In the lead up to the Munich Games, organizers commissioned Police psychologist Georg Sieber to predict worst-case scenarios for the Munich games. Sieber imagined 26 ways the 1972 Summer Olympics could go terribly wrong. He came up with a range of possibilities, from explosions to plane crashes, for which security teams should be prepared.
Situation Number 21 was uncannily and eerily prescient. Sieber envisioned that “a dozen armed Palestinians would scale the perimeter fence of the [Olympic] Village. They would invade the building that housed the Israeli delegation, kill a hostage or two (“To enforce discipline,”, then demand the release of prisoners held in Israeli jails and a plane to fly to some Arab capital.” The German organizers balked, asking Sieber to downsize his projections from cataclysmic to merely disorderly — from worst-case to simply bad-case scenarios. Situations such as Number 21 could only be prevented by scrapping the Olympics entirely, they argued. Instead of taking heed and beefing up security, they scaled back their expectations of threat.
As they would soon discover and as history will reflect upon, they were terribly unprepared when an attack unfolded almost exactly according to Sieber’s hypothetical specifications.
The XX Olympiad began on August 26, 1972, as thousands of athletes from more than 120 countries celebrated the opening ceremonies of what the West German organizers had dubbed Die Heiteren Spiele (“The Cheerful Games”). The USA’s top swimmer Mark Spitz was making Olympic history - collecting an astounding 7 Gold Medals at the games and all world records! This would hold until fellow American Michael Phelps bagged eight gold medals in the Beijing Olympics in 2008. It was a festive time. Athletes from around the world we're celebrating not only metals but personal victories- after all only the best of each country makes it to the Olympics. It was the first Olympics to be broadcast globally via satellite. With over 1 billion people watching from their homes around the world.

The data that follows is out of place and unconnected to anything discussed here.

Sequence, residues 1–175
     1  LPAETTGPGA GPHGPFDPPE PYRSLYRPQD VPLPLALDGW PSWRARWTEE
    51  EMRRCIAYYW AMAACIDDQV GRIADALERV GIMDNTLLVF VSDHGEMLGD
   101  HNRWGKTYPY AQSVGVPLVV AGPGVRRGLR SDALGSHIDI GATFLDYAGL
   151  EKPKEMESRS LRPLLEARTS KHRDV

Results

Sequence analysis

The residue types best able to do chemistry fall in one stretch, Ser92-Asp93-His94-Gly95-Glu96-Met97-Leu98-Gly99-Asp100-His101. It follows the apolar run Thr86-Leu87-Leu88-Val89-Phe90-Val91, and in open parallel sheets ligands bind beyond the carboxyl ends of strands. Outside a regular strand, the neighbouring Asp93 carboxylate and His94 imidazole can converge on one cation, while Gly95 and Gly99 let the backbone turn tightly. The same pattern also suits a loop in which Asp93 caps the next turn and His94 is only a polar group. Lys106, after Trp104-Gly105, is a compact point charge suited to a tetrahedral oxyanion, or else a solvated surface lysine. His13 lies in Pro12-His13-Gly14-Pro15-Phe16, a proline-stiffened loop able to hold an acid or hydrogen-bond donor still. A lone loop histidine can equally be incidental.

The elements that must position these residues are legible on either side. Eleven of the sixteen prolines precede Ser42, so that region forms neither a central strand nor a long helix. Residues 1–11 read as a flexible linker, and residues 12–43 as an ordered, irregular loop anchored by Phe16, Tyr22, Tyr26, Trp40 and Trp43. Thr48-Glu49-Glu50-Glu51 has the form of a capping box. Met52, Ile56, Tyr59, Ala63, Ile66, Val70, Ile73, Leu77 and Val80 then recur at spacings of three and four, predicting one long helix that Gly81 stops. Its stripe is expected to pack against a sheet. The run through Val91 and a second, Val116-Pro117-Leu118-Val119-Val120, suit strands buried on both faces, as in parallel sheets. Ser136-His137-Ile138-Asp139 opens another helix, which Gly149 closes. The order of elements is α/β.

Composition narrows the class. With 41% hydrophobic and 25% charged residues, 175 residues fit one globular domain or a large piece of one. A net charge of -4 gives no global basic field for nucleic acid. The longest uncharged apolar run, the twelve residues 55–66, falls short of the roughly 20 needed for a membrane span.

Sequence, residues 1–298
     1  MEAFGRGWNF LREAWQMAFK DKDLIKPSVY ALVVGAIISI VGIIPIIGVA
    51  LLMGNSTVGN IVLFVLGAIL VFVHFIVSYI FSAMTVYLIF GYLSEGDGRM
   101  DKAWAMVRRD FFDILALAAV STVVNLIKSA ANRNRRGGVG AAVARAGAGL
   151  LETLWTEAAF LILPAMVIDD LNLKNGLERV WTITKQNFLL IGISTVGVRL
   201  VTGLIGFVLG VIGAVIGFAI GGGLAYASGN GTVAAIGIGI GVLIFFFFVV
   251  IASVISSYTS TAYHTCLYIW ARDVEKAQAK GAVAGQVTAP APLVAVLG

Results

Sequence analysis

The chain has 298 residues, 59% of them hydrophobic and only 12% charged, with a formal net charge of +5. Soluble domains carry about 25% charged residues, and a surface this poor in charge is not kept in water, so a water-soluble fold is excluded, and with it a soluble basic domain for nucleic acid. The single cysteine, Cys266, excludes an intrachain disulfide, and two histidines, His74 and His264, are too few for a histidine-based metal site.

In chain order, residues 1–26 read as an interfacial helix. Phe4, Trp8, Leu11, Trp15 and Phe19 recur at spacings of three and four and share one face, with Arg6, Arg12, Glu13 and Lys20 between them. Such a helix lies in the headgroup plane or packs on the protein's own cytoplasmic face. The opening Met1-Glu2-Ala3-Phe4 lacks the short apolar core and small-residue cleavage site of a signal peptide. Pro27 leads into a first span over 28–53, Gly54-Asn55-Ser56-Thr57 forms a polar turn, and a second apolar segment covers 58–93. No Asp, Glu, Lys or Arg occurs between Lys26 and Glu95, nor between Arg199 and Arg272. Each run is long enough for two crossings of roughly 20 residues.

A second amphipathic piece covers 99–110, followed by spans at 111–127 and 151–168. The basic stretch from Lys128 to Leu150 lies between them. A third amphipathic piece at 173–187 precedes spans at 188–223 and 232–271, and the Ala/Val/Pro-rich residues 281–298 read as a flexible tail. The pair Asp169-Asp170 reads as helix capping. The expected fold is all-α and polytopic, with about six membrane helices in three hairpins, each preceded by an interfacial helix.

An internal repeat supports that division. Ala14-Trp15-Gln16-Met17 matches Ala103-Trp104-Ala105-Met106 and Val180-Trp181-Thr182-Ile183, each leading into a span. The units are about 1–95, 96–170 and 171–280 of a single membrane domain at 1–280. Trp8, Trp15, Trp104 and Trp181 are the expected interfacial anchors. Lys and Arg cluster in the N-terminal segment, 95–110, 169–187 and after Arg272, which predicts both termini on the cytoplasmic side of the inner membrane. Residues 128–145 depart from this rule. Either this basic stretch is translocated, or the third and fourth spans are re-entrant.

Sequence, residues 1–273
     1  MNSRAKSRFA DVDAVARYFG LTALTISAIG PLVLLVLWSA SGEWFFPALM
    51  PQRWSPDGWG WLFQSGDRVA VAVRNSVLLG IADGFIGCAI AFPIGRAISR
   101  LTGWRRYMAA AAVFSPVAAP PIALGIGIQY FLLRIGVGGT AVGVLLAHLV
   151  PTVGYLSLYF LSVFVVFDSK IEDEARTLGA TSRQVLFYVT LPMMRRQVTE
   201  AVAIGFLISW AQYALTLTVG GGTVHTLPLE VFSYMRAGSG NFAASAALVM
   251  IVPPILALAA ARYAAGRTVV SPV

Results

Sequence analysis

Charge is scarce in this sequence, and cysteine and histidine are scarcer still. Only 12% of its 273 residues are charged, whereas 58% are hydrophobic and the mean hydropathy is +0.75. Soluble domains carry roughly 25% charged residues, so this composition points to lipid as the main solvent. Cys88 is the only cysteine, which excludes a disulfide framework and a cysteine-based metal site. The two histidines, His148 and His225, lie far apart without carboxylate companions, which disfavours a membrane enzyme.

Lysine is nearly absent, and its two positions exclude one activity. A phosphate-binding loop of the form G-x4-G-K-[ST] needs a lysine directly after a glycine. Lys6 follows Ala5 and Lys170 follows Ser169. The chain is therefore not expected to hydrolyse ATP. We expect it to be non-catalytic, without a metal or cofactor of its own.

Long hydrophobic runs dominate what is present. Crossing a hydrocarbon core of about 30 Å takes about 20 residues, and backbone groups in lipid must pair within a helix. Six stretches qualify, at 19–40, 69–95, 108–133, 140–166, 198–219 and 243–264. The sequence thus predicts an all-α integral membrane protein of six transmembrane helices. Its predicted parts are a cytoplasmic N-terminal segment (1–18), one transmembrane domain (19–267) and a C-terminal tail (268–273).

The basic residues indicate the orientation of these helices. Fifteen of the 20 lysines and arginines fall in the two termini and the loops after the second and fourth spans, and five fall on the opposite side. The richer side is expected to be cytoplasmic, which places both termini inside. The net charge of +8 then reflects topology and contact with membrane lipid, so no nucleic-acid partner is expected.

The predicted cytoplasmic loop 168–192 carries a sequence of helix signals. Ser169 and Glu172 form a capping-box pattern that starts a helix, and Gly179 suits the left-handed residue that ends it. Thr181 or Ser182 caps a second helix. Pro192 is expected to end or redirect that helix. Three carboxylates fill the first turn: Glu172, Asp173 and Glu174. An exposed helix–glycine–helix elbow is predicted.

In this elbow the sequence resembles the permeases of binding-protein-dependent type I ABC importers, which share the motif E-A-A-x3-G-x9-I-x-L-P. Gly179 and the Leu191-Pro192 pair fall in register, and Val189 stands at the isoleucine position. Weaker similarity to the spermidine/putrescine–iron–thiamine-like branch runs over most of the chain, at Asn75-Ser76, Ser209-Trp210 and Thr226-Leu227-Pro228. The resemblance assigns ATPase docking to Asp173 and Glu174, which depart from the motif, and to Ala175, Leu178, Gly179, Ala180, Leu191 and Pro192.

For more than a week, the Games unfolded without incident. That is until the early hours of September 5th 1972. A horrific moment in world history.
The day of terror began at 4:30 AM. A group of eight Palestinian terrrorists affiliated with Black September—a militant offshoot of the Palestinian group Fatah, scaled the unguarded fence of the Olympic village. Disguised as athletes in track suits, They were heavily armed and kept their weapons in sports bags slung over their shoulders. Kalashnikov sub machine guns, pistols and hand grenades made up their cache of death and intimidation.
The Black September group already had had some members in Germany, among the Palestinians attending universities there. But the planning and training for the attack, according to Israeli intelligence, was carried out in Syria. Israel also accused Syria of helping the fedayeen get German work permits in order to reconnoiter. The week before the Olympics started, several members of Black September set out for Munich, traveling separately and by various means of transport.
Once they reached Munich, they carefully surveyed the Olympic Village; some got jobs among the 30,000 workers in the village. Athletes from Uruguay, who occupied quarters next to the Israelis, later remembered having seen some of the Arabs in the vicinity.
The terrorists made their move at 4:20 a.m. as the sprawling Olympic Village lay quiet and sleeping in the predawn darkness. Two telephone linemen saw a group of young men wearing track suits and carrying athletic equipment scale the 7-ft. fence surrounding the village. It was a fairly common occurrence; many of the Olympic athletes had broken training to enjoy a night on the town, and then scaled the fence to re-enter the compound. But once out of sight, the group stopped to blacken their faces with charcoal or put on hoods, and pull weapons out of their bags. Then with stolen keys to the complex in hand, they set off toward the Israeli quarters at 31 Connollystrasse. This street is named, in Olympic tradition, after U.S. Hammer Thrower Harold Connolly and his Czech-born wife, Olga, a discus thrower.
The 22 male Israeli athletes, coaches and officials shared five apartments in the modern three-story building. Uncertain how many of the three-room apartments housed Israelis, the intruders knocked on one of the doors of Apartment 1. Deep asleep was Wrestling Coach Moshe Weinberg, 32. He went to door and opened it a crack. Someone at the door asked in German, "Is this the Israeli team?” He then threw himself against the door trying to lock it when he saw the armed men, and yelled for his roommates to flee. Weinberg was hit by a burst of submachine-gun fire through the door.